There has been a lot of buzz about Progressive Web Apps (or PWAs) lately. At THEOplayer, we strongly believe in the future of PWAs to develop lighter applications across devices. After doing research and refining approaches for more than 18 months, with highlights such as the Google I/O presentation highlighting the research we have been doing in the field, we have come to a point where we are rolling out a dedicated SDK for PWAs. In this article, we will describe what PWAs are, and how they can be leveraged.


What are Progressive Web Apps?

Progressive Web Apps are often described as a new way to develop apps. To understand PWAs, let’s first have a look at the different approaches currently being used to distribute applications and content to different devices.

The first approach: develop native apps. Native apps have several advantages. First, they can make use of the device's hardware often resulting in the most performant solution since the app is able to make use of the device specific nature and features. They also benefit largely from being downloadable from an app store, which offers a one-stop-shop for apps per specific platform. However, native apps are often cumbersome to develop, as it might require different programming languages to be used. Once an app is developed, it needs to be published in the appropriate app store, and promoted so a user can find, download and install it. Native apps do tend to take up significant amount of space on your device, which is especially an issue in developing markets, or users which are using older or low-end devices. Unfortunately, once you want to publish an update of your app, you most probably have to go through the app store review processes which takes time and are not really compatible with software development approaches like agile/scrum, kanban or squads. Your end-users on the other hand, are often required to go again through some of the download and installation steps, making it possible some users are still on old versions of your application.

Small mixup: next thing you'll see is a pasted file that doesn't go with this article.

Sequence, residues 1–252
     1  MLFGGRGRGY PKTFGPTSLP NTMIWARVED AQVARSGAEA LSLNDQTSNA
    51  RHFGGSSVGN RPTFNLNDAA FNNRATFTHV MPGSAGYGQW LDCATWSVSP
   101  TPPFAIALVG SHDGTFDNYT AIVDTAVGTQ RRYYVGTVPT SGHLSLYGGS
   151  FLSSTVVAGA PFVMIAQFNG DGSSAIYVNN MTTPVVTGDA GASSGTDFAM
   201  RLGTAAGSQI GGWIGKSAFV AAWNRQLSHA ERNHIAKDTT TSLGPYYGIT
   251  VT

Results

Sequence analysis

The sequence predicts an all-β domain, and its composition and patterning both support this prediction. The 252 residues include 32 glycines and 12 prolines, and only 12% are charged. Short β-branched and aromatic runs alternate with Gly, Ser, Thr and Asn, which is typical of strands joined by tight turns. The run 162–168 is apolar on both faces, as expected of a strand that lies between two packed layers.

An alternative solution: use a mobile website instead of an application. Mobile websites became easy to develop through the increased popularity of javascript frameworks for mobile environments and apps like React and Angular. They offer the advantage that its not necessary to install an app and that the code can be used amongst all different devices with a limited amount of browser and device specific requirements and modifications. But, mobile environments still lack capabilities and options possible for native applications. Some obvious examples are working in offline environments and being installable to have icons on the device’s Home screen. The benefit here however is that the website is always up to date, and can be responsive towards the different platforms where it is being viewed, bringing an implement once, use everywhere type of solution.